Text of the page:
Caught in a Vicious Cycle

Johanna, 31, grew up in a household where her parents sold drugs and was therefore exposed to the trade at a young age. When her mother was incarcerated and things got hard for her siblings, she agreed to carry of suitcase of drugs to Europe, but was instead forced to swallow 84 latex-wrapped cocaine packets, which almost killed her. She was sent to prison in Venezuela, but fell back into the trade upon release. She is currently serving a six-year, six-month sentence for selling marijuana.

Drug trafficking organizations often take advantage of women’s poverty and need to provide for their families, inducing women to carry illegal drugs across international borders. Drug “couriers” put their lives in serious danger and end up behind bars while major drug traffickers walk free.

Sentence: 6 years, 6 months for selling drugs.

The daughter of a drug user and sex worker, Johanna and her five siblings were exposed to drug trafficking at a young age. By 13, she was cleaning houses in exchange for rice and sugar for the family. Drugs were everywhere, especially at home, and she began using them.

At 14, her mother sent her away to school to keep her away from that environment and help her get clean.

“I couldn’t go back to my mother because she was still selling drugs. Returning there meant consumption. I couldn’t get close.”

She moved to the coast, where she met foreigners who offered her a more exciting lifestyle. Her new friends paid her small sums to travel, carrying goods within Costa Rica and to neighboring countries.

Then, her mother was sent to prison, and things got hard for her siblings. She agreed to carry a suitcase full of drugs to England via Venezuela.

But things didn’t go as she expected.

“When I got to the apartment where the man was, I had my suitcase, and my understanding was that my bag would be changed. When he said to me, ‘Lie here, this is your room,’ I thought I was going to rest.”

“‘No.’ He said to me, ‘Loosen your clothes, mami, so you feel more comfortable.’ That’s when I realized the situation was heading in another director and I began to worry.”

Johanna was given a bucket containing 84 latex-wrapped cocaine packets and a tube of toothpaste and told to swallow them all.

She began to panic. When she tried to refuse, the man threatened her family.

There was no turning back.

“I began to pray and think about my family. It was very hard for me, because the first packets I swallowed I vomited. I vomited many times until I learned how to do it. My throat was bleeding and swollen. It was very hard.”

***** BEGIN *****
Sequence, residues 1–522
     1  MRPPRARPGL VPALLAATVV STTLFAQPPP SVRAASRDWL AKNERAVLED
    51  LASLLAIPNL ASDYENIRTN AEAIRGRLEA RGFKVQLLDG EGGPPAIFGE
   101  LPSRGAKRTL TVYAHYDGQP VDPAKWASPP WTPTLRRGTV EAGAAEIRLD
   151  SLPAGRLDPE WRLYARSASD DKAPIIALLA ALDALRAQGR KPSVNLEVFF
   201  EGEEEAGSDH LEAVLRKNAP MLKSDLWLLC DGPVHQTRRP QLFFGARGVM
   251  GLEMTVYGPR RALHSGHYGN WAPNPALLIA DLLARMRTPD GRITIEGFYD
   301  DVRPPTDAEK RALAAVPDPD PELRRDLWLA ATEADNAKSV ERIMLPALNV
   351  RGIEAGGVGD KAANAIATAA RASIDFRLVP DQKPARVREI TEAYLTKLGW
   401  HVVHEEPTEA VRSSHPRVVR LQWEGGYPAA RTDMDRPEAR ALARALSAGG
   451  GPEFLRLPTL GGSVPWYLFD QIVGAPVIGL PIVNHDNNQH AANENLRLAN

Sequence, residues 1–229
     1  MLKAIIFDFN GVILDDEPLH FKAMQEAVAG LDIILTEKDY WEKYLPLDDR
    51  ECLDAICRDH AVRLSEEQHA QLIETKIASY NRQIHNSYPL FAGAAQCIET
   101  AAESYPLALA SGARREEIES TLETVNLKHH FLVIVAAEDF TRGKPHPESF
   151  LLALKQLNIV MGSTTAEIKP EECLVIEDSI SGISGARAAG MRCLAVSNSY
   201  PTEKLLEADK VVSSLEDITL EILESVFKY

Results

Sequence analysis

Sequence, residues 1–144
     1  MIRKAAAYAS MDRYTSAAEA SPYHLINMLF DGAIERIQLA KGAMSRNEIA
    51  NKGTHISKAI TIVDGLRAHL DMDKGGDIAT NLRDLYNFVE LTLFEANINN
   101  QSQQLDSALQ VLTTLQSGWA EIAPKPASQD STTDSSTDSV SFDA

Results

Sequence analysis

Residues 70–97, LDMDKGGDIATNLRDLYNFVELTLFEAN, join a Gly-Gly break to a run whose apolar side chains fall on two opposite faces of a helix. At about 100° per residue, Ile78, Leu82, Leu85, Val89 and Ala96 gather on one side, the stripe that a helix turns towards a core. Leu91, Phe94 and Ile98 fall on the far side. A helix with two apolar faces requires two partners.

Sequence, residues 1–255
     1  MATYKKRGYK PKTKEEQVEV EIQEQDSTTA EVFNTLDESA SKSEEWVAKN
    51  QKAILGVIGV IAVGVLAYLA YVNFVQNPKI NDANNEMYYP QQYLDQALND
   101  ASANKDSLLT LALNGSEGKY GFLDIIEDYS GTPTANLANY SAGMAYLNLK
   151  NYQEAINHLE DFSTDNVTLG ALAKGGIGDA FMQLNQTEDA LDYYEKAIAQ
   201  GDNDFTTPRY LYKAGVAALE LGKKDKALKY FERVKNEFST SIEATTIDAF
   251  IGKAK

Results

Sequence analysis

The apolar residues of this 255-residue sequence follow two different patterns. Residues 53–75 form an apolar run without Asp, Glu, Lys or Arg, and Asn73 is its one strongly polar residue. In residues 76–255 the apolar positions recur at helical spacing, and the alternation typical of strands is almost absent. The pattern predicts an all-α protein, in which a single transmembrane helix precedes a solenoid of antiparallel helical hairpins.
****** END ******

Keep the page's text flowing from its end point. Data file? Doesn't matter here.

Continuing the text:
When she wasn’t able to swallow all of the cocaine, she was forced to have sex with the man and carry the remaining packets vaginally.

“They brought me the package – very large – and it was difficult for me, and very humiliating too… I had no choice but to prostitute myself.”

By the time Johanna was detained during a layover in Venezuela, one day and four hours after swallowing the drugs, her hands were purple and her heart rate was dangerously high.

They took her to the emergency room, where they discovered that some of the capsules had burst inside her stomach.

“I was imprisoned in Venezuela. I had the good fortune to be caught there, thank God, and for that I’m not dead.”

Damalui Amiguetti is the president of the Costa Rican Association for the Study and Intervention in Drugs (ACEID). She works on projects related to women’s and children’s human rights, commercial sexual exploitation, and development. She says that stories like Johanna’s are all too common.

“When you are a woman, growing up in poverty, you look for ways to survive given your circumstances. Breaking the cycle of violence and lack of opportunity alone isn’t easy, and imprisonment only accentuates the problem. It is not possible to provide effective responses to women without first understanding their lives.”

After serving her sentence in Venezuela, Johanna returned to Costa Rica. She fell in love with a man with ties to traffickers and fell back into the drug trade.

She is currently serving a six-year sentence for selling marijuana.

“We believed we could have it all quickly, but we ended up with nothing.”

This time, Johanna wants to do things differently. She has taken over 15 preparatory courses while in prison, and hopes to eventually open her own beauty salon when her sentence is up.


This photo series was produced by the Washington Office on Latin America (WOLA) with support from the Open Society Foundations.

Producer and Photographer

Jessamine Bartley-Matthews

Editorial Assistance

Kathy Gille, Kristel Muciño, and Coletta Youngers

Special Thanks to

Buen Pastor Prison, San José, Costa Rica